Taking these studies together, it seems likely that TGFβ might impact the antioxidant system of NK cells and that this may be altering their function and/or metabolism. If this proves to be true, modulating NK cells such that they are more resistant to oxidative stress (e.g., by pre-treating with antioxidants or overexpressing antioxidant enzymes such as SOD2) may help them to cope with TGFβ induced ROS. Hence, in a TGFβ rich environment such as the tumor microenvironment, modified NK cells will be more resistant to oxidative damage and more able to fight the tumor. Interestingly, pre-treatment of exhausted CD8+ T cells with antioxidants has been shown to restore their antiviral activity (11) during human chronic hepatitis B infection, where systemic increases in TGFβ have been reported (79, 80).
The interplay between TGFβ and ROS is of particular interest in the context of murine NK cell memory where we know ROS plays a major role (23). Here, ROS production is required for the removal of defective mitochondria and the development of NK cell anti-viral memory. Perhaps in this case, TGFβ might play a positive role by stimulating ROS production in faulty NK cells and promoting their clearance by mitophagy.
TGFβ and Mitochondrial Structure and Function
It is widely acknowledged that TGFβ plays a key role in regulating mitochondrial apoptosis (81), and as described above, TGFβ can stimulate mitochondrial ROS production in a variety of cell types. However, there are many other ways in TGFβ can modulate mitochondrial activities. TGFβ was reported to increase mitochondrial mass in primary human lung fibroblasts (82). In this study, TGFβ signaling via the canonical pathway culminated in the upregulation of PGC-1α expression. Interestingly, PGC-1α mediated increases in mitochondrial mass and polarization has been shown to be essential for NK cell IFNγ production (21).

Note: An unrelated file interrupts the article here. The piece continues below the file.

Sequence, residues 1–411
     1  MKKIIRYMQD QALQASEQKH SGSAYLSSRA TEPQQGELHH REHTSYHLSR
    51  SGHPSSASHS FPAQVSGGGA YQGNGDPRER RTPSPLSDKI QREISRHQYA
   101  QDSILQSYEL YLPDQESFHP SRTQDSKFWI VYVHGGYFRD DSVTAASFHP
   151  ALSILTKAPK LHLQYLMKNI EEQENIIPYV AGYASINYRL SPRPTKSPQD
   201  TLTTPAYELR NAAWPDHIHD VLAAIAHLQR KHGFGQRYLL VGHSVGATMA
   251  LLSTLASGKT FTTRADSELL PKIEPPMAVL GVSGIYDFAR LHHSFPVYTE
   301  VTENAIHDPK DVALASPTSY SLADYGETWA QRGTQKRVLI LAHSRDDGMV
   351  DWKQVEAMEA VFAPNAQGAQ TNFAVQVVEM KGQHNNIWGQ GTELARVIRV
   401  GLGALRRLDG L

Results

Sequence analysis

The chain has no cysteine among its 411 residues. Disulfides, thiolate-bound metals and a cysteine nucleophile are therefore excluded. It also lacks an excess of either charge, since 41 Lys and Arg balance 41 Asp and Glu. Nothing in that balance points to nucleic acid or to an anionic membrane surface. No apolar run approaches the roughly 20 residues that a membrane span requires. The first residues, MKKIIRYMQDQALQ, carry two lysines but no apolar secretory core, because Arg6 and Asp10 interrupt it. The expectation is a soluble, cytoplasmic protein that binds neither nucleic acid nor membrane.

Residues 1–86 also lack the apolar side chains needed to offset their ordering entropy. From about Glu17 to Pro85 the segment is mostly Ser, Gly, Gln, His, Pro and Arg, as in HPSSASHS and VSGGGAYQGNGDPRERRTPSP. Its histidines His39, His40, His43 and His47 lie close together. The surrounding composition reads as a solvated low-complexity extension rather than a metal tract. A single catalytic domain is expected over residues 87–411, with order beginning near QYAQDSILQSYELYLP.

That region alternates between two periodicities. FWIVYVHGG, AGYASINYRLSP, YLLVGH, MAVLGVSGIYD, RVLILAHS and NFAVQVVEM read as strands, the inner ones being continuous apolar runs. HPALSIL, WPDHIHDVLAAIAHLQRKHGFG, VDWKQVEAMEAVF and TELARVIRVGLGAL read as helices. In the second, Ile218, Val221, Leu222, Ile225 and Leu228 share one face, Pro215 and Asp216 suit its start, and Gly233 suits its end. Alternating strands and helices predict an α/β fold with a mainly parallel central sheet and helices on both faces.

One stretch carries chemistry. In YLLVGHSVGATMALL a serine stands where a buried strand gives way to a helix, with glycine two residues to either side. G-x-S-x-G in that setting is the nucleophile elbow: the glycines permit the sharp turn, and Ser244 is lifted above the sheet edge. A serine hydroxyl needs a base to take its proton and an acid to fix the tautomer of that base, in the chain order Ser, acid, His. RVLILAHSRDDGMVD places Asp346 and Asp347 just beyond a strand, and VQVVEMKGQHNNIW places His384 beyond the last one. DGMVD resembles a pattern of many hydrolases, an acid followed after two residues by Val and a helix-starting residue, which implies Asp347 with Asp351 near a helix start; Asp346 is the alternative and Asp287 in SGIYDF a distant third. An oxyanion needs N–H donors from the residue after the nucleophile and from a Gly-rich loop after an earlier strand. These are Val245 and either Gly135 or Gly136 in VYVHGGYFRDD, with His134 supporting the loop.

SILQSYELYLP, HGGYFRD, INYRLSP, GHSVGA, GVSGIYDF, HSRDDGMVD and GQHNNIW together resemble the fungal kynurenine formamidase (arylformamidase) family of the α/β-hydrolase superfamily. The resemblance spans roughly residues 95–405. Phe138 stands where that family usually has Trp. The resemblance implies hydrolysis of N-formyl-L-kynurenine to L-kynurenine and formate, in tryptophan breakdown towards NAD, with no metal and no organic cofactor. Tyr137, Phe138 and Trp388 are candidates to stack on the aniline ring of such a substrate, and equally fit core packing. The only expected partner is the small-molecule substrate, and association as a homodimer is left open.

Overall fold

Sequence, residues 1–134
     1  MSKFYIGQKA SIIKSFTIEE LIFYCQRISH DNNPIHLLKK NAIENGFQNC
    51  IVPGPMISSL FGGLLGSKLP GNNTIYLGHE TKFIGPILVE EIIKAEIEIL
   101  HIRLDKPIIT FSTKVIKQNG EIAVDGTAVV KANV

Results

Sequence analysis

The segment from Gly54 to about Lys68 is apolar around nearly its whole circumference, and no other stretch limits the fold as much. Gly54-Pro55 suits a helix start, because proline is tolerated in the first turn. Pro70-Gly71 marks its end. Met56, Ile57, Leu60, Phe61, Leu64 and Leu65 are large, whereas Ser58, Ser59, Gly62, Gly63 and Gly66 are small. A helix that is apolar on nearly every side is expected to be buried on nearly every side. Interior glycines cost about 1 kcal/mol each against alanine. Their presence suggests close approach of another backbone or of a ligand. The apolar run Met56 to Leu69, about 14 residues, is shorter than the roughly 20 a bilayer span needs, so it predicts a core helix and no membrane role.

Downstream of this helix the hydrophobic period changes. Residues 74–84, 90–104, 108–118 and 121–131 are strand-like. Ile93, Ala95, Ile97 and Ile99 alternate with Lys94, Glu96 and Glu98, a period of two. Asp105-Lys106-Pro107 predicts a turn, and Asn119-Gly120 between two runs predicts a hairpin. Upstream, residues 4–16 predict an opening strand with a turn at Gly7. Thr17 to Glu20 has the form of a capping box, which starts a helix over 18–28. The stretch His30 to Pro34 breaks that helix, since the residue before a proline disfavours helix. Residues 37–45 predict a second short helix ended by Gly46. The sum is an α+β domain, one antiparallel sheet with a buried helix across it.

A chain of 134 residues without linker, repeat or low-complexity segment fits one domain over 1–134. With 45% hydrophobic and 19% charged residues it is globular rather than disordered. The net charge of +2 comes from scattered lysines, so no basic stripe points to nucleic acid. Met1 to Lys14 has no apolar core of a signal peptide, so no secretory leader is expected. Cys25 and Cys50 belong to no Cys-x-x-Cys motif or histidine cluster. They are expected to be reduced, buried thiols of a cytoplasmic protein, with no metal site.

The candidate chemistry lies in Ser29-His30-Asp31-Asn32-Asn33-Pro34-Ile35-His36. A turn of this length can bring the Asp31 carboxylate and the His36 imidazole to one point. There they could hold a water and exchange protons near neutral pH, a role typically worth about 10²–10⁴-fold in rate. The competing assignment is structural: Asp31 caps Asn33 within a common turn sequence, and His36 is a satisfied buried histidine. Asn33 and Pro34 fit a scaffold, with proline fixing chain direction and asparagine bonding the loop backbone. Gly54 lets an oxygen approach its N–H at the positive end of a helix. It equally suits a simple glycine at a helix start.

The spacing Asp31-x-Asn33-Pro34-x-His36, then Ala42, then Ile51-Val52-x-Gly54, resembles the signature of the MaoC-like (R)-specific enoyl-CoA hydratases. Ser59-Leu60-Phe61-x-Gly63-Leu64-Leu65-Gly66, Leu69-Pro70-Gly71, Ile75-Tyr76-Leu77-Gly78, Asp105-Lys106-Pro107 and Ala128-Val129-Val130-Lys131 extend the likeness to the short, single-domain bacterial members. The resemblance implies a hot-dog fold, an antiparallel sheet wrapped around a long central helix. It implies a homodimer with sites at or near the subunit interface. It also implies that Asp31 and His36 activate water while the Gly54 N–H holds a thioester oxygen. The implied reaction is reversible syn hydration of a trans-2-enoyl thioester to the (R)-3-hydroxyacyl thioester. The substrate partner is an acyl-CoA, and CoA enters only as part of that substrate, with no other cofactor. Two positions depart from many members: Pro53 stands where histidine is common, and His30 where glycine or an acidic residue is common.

Mitochondrial membrane potential is the electronegative force across the inner mitochondrial membrane that drives ATP production using ATP synthase. Yoon et al. reported that TGFβ increased the mitochondrial membrane potential of lung epithelial cells, yet interestingly did not alter secretion of apoptotic factors from the mitochondria (76). Similarly, TGFβ has been shown to increase mitochondrial membrane potential in mouse kidney cells (83). Indeed, it is tempting to speculate that the increased mitochondrial mass and membrane potential observed in NK cells from metastatic breast cancer patients is in part due to increased TGFβ activity (54). In breast cancer cells, TGFβ has been shown to regulate expression of mitochondrial uncoupling protein 2 (UCP2), a mitochondrial transporter involved in dissipation of the mitochondria membrane potential to facilitate heat production (84).